I make a wine with Sorrel, or at least what Trini’s call sorrel, which is what many use for Hibiscus tea. My mom uses (tt) Sorrel to make a red cake… similar to the Caribbean black rum cake… Caribbean folks call Roselle– Sorrel. However sorrel is also a spring greens used to make sorrel soup… Then I learned from my Nigerian friend they cook the green part of the sorrel Which Caribbean folks throw away (as far as i Know) so I decided to read up on Roselle & sorrel
I’m still not sure why it is classed as a type of a type of hibiscus.
Exotic and delicately beautiful, the hibiscus plant is a tall, erect annual cultivated in the tropics and subtropics. There are over 300 species of hibiscus, including Hibiscus abelmoschus (musk-mallow), H. rosa-sinensis (tropical hibiscus) and H. sabdariffa, also known as Guinea sorrel, Jamaica sorrel, and roselle. All belong to the Malvaceae (mallow) family, along with cocoa, okra, and cotton. www.frontiercoop.com/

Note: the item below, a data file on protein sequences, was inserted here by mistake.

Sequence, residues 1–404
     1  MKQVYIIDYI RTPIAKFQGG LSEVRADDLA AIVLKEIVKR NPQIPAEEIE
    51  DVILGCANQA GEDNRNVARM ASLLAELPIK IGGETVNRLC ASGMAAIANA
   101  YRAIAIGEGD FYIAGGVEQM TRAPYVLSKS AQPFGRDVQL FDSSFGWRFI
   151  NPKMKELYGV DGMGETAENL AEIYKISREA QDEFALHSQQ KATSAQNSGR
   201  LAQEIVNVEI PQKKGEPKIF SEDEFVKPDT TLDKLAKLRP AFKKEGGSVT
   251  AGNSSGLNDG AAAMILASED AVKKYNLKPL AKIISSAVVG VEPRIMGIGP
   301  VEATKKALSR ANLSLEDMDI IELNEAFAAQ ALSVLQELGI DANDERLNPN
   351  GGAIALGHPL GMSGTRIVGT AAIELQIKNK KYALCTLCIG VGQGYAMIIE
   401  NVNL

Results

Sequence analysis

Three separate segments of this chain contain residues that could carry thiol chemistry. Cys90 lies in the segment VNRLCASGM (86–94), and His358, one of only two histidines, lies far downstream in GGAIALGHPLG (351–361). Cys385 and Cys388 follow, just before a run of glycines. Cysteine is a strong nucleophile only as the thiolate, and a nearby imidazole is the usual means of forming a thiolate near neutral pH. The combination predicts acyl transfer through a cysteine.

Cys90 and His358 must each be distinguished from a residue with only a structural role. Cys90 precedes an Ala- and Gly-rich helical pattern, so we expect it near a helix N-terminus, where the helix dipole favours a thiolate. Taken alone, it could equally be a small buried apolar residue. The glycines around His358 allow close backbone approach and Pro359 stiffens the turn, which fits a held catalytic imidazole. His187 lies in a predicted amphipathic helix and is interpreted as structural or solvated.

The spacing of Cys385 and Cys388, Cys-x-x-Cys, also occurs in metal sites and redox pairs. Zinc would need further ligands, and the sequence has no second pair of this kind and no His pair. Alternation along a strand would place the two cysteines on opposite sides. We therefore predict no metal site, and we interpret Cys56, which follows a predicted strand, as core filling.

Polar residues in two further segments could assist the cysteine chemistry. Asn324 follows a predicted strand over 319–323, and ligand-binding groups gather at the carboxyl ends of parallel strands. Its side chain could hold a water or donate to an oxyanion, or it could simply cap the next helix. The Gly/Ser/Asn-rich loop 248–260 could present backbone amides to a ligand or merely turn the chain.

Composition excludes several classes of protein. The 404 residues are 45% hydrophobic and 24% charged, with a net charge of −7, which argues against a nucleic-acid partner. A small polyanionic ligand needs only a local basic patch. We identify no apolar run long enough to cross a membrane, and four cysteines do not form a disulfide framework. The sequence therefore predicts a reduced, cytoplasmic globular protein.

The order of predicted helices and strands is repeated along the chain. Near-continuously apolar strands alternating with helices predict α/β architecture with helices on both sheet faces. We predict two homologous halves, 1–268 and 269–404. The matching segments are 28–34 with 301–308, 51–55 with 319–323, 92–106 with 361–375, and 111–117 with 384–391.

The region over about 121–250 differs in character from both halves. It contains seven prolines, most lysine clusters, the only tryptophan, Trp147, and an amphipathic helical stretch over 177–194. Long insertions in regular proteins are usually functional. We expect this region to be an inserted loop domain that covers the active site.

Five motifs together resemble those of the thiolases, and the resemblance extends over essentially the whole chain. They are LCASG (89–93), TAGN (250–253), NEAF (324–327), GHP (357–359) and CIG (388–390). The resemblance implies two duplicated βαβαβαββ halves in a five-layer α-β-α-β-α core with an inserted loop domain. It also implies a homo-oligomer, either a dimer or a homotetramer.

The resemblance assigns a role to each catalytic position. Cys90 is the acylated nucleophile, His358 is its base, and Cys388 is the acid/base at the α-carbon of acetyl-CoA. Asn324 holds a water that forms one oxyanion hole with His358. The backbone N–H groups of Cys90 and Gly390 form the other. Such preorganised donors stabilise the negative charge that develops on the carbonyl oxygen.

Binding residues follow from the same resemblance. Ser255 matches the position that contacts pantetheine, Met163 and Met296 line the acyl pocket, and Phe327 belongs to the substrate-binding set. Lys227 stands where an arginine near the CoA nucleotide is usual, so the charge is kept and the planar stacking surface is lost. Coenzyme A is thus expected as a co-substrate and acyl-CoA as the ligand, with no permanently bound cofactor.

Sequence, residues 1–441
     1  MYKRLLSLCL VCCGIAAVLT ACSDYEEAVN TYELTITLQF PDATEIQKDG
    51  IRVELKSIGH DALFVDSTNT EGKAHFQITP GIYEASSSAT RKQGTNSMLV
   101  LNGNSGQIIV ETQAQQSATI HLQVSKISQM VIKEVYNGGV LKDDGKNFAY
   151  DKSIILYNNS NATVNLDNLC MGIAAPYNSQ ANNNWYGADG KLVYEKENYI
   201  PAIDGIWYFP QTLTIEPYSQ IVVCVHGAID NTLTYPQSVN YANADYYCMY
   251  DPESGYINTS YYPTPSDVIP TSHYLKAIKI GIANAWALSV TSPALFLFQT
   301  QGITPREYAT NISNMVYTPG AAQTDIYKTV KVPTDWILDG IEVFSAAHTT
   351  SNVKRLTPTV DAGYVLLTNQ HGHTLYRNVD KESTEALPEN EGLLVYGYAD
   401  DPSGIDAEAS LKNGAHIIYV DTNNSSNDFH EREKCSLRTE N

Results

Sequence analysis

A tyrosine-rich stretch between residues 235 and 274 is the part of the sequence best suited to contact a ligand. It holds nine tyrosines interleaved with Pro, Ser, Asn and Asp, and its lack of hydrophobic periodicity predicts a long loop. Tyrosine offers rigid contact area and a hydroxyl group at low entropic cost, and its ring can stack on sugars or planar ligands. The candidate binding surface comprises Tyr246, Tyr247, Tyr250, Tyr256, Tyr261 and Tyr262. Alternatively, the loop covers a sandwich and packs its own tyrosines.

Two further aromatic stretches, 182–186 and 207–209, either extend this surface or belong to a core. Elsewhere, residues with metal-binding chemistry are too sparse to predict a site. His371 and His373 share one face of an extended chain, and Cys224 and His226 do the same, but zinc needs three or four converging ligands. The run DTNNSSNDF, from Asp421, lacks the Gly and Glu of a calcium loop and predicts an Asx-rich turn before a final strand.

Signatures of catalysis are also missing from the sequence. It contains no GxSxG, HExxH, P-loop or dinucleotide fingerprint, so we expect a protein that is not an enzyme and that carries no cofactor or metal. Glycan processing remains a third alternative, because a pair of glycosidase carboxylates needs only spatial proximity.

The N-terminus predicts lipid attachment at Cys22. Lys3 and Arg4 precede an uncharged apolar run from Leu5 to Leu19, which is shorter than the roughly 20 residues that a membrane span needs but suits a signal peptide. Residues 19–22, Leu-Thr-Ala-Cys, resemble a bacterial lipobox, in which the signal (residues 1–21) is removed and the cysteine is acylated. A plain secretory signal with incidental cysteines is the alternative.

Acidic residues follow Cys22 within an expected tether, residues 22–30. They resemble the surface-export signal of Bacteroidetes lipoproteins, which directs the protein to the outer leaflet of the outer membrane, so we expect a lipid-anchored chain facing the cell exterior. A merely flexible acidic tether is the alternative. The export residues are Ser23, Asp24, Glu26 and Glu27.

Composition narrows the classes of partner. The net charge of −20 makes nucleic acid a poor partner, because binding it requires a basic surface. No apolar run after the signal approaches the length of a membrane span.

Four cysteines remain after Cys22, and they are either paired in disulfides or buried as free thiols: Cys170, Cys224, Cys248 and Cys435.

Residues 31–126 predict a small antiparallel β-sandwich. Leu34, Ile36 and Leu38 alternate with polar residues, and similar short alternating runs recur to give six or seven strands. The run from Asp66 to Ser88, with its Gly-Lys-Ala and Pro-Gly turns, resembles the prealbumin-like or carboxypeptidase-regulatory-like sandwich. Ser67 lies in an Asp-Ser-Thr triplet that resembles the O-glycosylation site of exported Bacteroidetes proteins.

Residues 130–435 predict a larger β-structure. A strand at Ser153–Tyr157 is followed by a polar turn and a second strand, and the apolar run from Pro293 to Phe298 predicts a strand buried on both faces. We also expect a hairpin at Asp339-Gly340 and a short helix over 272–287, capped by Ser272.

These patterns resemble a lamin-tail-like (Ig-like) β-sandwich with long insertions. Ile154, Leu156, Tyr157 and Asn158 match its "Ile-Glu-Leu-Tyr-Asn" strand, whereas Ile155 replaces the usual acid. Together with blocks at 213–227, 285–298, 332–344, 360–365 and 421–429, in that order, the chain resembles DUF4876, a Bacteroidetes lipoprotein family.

Roselle is also high in anti-oxidants, great for cancer and diabetes… who knew – so it’s great as a daily tea
- I still prefer my sorrel as liquor,
- I can make Jams and jellies also
- Roselle as hot or cold beverages…
- I can also always freeze the leaves in ice – cubes… to garnish a summer iced tea.
- It’s a great natural dye
- I have to try Roselle in a traditional red velvet cake recipe instead of beets
- I want to taste the leaves of the roselle plant for food – Anyone got an African recipes?
- and try it in the Polish Sorrel soup recipes http://localfoods.about.com/od/herbs/ss/Sorrel.htm
- It’s also a great natural body hair and skin care, as well as a hair dye…
I have always been fascinated and inspired by both teh Hibiscus flower and the Sorrel that I have known but who knew … What a versatile plant!